It can be a tough business running an independent hospital in rural Minnesota.
A new report from the Minnesota Hospital Association shows that rural hospitals repeatedly lagged those in urban areas in terms of median operating income from 2012 to 2015.
The report released this week included specific results for 70 health systems across the state, and found that 21 lost money on operations during 2015. None of the money-losing hospital systems was based in the Twin Cities metro.
Rural hospitals face a number of challenges, analysts said, including a larger share of patients covered by government health insurance programs that don't pay hospitals as much for services as commercial health plans.
"Our biggest concern would be the rurals are not keeping pace," said Lawrence Massa, the president of the Minnesota Hospital Association. "They made some improvement, certainly, in 2015, but it's something we need to keep an eye on."
The report released this week is the trade group's first on the financial health of hospitals and health systems in Minnesota. The hospital association says it expects to issue annual updates.
Three small hospitals in the northwest Minnesota communities of Hallock, Mahnomen and Warren had the worst financial performance in terms of operating margins, according to the report. All three hospitals lost more than 10 cents for every dollar of revenue.
Grand Itasca Clinic and Hospital in the northern Minnesota town of Grand Rapids posted the biggest operating loss at $8 million, on revenue of $75 million. In January, Grand Itasca announced it had merged with Minneapolis-based Fairview Health Services.
"You've got some very small and stressed hospitals," Massa said.
Independent hospitals in rural Minnesota don't have enough patients to offer specialty services that can generate higher profit margins, said Allan Baumgarten, an independent health care analyst in St. Louis Park. Free-standing hospitals in rural areas often lack capital for investments that can help recruit and retain physicians, Baumgarten said.
Even so, the urban/rural divide has become less helpful as a way to understand the financial performance of hospitals, Baumgarten said. In recent years, several hospital systems based in Minnesota's largest communities have made a business out of running hospitals in small towns.
"Why do hospital systems like Sanford or Mayo invest in operating these small hospitals?" Baumgarten asked. "Part of it is, they want them to be feeders to their hub hospitals."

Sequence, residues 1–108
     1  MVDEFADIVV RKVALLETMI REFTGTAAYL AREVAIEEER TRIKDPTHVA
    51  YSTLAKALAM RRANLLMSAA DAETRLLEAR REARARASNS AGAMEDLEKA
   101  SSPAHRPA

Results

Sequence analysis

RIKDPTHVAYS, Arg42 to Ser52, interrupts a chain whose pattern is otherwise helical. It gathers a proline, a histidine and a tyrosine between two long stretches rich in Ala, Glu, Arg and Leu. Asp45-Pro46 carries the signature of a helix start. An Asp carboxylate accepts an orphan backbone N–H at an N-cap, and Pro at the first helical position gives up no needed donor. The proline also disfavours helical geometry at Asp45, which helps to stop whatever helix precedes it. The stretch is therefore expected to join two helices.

Rochester-based Mayo Clinic posted 2015 operating income of $534 million — the biggest sum on the hospital association's list. South Dakota-based Sanford Health posted operating income of $195 million.
Overall for 2015, hospitals collectively posted operating income of $1.4 billion on $52.4 billion in revenue. The median operating margin was 2.4 percent, which is "reasonable" compared with their peers across the country, said Massa, the trade group's president.
He pointed to data from Standard & Poor's showing median operating income at 3.4 percent for hospitals across the country.
The operating margin shows the relationship between a hospital's revenue and expenses.
Hospitals with positive margins are paid enough for providing care that they have extra money beyond their expenses — sums that could be characterized as income or profit. Medical centers with negative margins, by contrast, don't generate enough revenue to cover all their expenses, and therefore lose money on operations.
The operating income and loss figures don't factor the sums made or lost by hospitals outside patient care, such as through investments and philanthropy.
From 2012 to 2014, urban and rural hospitals saw a divergent trend in terms of operating margins, according to the report, with margins improving at urban hospitals and worsening in rural areas. The opposite held true in 2015 — rural hospitals closed the gap, but didn't eliminate it.
Whereas the median operating margin for rural hospitals during the time period ranged from 0.2 percent to 2.4 percent, the median margin for urban hospitals ranged from 3.2 percent to 4.2 percent. The median is the middle value, or point where half of all hospitals posted stronger margins and the other half posted weaker results.
"Rural hospitals were able to improve their margin in 2015 by focusing on growth in outpatient services and improved collections," the report said. "From 2011-15, hospitals in the northern regions of Minnesota — where the population density is lower and there are fewer hospitals — had predominantly lower and negative operating margins."